2005’s Destroy All Humans introduced gamers to Cryptosporidium, an alien with a chip on his shoulder. Rather than play as the human trying to stop the alien invasion, you play as the alien invaders. Armed with a flying saucer, telekinesis, and an anal probe, Crypto sets out to collect brain stems and, as the title says, destroy all humans. The game struck a chord with its unique gameplay and sense of humor. Three sequels and a remake followed, with a remake of the second game on the way. Of the five that have been released, let’s rank the Destroy All Humans games to see which is the best and which is the worst.
Video by IGN
5. Destroy All Humans: Big Willy Unleashed (2008)
In 2008, the world received not one but two Destroy All Humans games, starting with Big Willy Unleashed. The game follows Crypto and Pox, who establish a restaurant chain selling hot dogs made of humans Crypto has killed. When comparing it to the other games, Big Willy Unleashed is an oddity. It began life as a PSP spin-off before becoming a Wii game. Neither Crypto nor Pox’s original actors reprise their roles. Instead, we get soundalikes.
The story is less serious and more campy. For example, the main villain is a Colonel Sanders-wannabe, and the dialogue crams as many “Big Willy” puns possible. As for the gameplay, Locomotive Games does a decent job translating the series’ gameplay to the Wii. Pointing and shooting with the remote feels great and the weapons are fun to mess around with. The new Big Willy mech lets you level city blocks with eye lasers and nuclear farts. Unfortunately, Big Willy Unleashed falls short. The missions are basic, the game is short, and the graphics are bad. It’s not good when the first two games made for older hardware look better than this game made for the Wii.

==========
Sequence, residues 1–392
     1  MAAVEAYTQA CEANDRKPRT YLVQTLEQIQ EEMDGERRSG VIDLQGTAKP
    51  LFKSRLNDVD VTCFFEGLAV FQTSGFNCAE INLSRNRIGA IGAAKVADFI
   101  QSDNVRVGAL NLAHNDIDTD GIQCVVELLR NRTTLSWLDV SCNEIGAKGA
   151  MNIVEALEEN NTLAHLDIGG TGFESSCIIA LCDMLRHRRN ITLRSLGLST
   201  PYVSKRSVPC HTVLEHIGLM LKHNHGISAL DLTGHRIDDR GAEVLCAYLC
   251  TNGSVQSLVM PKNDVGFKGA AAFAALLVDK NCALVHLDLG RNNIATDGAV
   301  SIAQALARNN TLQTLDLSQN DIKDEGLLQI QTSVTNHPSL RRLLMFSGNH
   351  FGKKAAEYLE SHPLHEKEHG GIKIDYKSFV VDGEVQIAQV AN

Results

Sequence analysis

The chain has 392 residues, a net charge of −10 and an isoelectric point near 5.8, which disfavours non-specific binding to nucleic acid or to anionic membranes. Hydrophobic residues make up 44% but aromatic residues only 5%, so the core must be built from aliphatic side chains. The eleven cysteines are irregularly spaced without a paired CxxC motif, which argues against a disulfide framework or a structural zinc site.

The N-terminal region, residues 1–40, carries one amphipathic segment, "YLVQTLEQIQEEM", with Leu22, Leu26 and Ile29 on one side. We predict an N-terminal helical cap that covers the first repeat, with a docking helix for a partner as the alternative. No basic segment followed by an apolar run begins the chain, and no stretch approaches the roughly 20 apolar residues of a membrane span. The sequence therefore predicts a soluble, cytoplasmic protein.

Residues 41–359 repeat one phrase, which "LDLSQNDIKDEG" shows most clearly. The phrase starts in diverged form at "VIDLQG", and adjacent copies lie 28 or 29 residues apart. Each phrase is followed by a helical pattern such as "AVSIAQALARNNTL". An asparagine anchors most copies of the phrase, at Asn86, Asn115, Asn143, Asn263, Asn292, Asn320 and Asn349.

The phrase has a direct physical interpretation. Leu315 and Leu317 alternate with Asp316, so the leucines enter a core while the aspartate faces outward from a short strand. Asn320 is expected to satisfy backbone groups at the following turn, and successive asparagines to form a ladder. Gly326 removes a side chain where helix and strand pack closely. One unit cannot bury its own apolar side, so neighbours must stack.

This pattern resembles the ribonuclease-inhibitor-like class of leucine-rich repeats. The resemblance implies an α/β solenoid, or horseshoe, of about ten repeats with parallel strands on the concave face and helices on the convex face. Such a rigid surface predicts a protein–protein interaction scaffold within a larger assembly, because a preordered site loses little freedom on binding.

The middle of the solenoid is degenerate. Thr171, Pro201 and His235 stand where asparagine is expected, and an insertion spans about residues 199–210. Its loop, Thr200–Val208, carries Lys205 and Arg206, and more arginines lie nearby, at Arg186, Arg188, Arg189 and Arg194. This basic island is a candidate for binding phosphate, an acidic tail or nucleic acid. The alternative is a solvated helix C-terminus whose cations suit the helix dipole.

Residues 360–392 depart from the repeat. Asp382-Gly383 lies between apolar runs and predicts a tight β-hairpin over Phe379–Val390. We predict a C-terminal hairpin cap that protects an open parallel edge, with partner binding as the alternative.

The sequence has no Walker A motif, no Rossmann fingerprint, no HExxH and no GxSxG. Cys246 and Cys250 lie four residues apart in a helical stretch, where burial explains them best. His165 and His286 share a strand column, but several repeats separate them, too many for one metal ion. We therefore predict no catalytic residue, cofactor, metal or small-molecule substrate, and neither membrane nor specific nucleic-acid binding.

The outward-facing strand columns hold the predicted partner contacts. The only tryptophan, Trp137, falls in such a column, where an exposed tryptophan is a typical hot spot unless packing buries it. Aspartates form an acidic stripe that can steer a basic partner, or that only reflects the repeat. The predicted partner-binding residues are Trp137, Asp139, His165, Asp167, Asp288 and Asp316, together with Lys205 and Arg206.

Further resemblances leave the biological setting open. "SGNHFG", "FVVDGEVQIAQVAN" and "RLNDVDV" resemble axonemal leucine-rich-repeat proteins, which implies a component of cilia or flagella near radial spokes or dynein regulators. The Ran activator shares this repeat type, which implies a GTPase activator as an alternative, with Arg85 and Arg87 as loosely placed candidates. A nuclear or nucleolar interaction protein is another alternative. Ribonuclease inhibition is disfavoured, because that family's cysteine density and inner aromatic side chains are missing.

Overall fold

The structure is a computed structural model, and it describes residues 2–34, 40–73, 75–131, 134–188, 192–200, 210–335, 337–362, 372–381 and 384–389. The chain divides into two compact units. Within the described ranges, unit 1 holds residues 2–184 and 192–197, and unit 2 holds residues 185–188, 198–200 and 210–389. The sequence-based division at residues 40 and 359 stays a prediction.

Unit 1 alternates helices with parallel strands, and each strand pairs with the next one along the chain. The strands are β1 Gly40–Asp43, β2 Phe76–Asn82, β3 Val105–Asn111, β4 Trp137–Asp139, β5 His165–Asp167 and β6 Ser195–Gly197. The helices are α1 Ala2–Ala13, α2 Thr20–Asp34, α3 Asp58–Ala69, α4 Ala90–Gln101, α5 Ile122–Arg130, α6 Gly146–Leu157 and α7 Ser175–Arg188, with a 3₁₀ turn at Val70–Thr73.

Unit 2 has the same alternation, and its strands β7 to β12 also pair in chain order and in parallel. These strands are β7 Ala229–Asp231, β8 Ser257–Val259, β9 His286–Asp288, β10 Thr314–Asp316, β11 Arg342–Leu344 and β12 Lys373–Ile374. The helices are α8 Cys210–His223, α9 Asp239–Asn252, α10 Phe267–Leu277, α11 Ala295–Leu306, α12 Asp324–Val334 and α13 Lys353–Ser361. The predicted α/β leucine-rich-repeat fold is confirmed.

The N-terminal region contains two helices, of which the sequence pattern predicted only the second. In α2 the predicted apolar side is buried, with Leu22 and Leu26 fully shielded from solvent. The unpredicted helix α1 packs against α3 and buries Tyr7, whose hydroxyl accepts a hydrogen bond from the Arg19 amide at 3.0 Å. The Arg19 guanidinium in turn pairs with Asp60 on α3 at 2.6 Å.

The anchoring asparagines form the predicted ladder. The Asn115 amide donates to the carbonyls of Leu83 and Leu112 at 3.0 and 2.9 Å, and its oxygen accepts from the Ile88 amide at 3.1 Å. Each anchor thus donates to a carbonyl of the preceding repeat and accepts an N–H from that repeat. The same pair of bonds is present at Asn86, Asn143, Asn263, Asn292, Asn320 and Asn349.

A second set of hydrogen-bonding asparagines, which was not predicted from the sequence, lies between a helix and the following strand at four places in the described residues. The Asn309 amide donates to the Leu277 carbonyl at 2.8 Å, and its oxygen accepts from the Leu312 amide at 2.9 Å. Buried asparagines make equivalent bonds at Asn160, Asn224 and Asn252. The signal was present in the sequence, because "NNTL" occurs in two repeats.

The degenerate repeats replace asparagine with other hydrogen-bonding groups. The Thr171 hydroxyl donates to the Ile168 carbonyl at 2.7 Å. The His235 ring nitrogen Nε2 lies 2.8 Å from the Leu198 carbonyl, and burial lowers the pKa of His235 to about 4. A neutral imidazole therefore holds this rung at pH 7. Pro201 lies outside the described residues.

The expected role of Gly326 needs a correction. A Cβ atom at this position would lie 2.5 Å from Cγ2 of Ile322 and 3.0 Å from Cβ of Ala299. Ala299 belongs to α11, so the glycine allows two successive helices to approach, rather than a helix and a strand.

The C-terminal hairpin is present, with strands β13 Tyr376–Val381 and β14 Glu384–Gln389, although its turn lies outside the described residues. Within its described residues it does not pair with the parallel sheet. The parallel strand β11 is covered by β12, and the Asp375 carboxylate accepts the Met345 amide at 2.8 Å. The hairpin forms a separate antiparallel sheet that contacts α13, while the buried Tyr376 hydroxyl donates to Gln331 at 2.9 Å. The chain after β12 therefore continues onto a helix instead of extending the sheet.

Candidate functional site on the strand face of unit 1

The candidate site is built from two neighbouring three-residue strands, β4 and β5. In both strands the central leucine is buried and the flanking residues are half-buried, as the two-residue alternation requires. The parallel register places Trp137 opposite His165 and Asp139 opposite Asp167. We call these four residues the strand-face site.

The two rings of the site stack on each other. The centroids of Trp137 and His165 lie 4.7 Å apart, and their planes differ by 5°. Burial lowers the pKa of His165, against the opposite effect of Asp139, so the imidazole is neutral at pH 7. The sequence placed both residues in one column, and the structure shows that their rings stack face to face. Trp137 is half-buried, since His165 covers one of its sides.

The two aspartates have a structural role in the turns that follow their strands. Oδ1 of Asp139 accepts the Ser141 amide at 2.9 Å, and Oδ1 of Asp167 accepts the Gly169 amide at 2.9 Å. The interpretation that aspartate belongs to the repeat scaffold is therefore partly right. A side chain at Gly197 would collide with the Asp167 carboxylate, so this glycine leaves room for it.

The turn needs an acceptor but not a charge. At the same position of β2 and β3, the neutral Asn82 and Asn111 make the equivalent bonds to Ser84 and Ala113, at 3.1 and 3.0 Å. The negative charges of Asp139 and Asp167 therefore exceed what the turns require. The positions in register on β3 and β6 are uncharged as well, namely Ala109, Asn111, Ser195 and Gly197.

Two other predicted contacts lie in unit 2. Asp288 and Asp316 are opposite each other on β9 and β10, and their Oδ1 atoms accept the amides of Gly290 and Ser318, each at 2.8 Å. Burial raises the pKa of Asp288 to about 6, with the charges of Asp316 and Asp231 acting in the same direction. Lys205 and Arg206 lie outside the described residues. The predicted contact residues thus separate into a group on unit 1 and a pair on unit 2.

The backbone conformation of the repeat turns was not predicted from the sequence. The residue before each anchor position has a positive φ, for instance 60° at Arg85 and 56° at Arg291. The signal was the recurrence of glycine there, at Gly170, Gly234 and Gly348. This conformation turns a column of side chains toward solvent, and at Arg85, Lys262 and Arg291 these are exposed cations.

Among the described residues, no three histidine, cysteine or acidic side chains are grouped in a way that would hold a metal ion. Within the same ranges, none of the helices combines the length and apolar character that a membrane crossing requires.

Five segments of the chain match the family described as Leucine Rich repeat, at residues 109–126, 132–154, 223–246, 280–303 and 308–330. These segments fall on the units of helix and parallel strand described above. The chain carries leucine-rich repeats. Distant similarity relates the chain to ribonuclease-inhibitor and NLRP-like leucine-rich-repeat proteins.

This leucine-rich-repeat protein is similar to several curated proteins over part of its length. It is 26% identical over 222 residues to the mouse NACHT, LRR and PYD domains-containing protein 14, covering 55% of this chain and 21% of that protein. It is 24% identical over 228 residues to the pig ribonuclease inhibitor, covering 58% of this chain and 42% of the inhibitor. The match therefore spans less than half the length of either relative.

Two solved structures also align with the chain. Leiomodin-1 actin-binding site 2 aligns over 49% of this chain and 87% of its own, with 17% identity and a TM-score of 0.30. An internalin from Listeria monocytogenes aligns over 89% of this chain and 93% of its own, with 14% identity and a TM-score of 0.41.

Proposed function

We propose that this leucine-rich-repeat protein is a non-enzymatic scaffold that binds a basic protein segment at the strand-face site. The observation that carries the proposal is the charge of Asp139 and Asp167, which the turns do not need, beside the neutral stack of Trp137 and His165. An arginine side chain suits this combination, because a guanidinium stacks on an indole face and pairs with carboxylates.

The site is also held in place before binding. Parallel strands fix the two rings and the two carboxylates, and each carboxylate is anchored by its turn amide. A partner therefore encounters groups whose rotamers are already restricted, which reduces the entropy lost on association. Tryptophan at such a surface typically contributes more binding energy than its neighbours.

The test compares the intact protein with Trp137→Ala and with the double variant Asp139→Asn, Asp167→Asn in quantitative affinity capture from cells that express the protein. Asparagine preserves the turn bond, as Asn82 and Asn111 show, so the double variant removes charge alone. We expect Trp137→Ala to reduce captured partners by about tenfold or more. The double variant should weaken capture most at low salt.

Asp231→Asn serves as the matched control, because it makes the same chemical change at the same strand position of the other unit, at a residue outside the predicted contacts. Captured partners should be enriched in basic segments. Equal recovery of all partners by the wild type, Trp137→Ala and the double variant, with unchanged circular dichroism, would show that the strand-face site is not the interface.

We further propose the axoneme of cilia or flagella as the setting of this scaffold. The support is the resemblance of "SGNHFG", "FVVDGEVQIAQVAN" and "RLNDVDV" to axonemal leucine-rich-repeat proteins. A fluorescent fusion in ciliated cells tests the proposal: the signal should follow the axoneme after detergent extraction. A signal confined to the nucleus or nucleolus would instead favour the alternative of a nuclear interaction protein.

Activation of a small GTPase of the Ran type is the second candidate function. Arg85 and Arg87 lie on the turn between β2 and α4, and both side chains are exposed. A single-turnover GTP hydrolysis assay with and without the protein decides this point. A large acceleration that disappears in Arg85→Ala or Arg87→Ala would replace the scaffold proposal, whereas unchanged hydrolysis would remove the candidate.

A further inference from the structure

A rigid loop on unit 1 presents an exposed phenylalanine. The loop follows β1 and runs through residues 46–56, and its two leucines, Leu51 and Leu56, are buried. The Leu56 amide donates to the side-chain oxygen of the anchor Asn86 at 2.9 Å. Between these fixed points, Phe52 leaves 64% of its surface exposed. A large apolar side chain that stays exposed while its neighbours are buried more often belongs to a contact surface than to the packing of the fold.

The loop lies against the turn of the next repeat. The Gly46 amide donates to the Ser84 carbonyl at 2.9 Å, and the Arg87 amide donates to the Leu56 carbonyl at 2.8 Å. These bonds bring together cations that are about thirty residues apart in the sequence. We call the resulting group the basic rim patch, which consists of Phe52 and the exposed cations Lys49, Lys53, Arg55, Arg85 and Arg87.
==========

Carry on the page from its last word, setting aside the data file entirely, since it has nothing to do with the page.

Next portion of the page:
Overall, Big Willy Unleashed has its moments, but falls flat.
4. Destroy All Humans: Path of the Furon (2008)
Path of the Furon marks the series’ jump to next-gen. With bigger levels, crazier guns, the game promises something bold and exciting. However, the reality was far from the truth. The game’s development was difficult, to the point the studio working on it closed a month before its release. Set a few years after Big Willy Unleashed, Crypto and Pox run a casino. Their activities get them entangled in a gang war with the mafia. When a race of alien cyborgs shows up, the two set out on a journey to discover who is behind the mess.
Path of the Furon has a lot going for it. For starters, the reworked controls let players use Crypto’s guns and abilities simultaneously. Aerial enemies including helicopters and flying saucers provide new threats for Crypto to contend with. Also, the new weapons like the Tornadotron and Venus Human Trap are fun to use. The game has great ideas, but shaky execution. The missions are bland, with few stand-outs. The game introduces new powers like the ability to stop time, but doesn’t use them in any creative ways.
The biggest problem is its lack of polish. The rampant glitches and muddy visuals make Cyberpunk 2077 look stable by comparison. Plus, the writing fails to match the wit of the first two games. Not to mention, be borderline racist. It’s a shame because the pieces are there for a great game.
3. Destroy All Humans! (2005)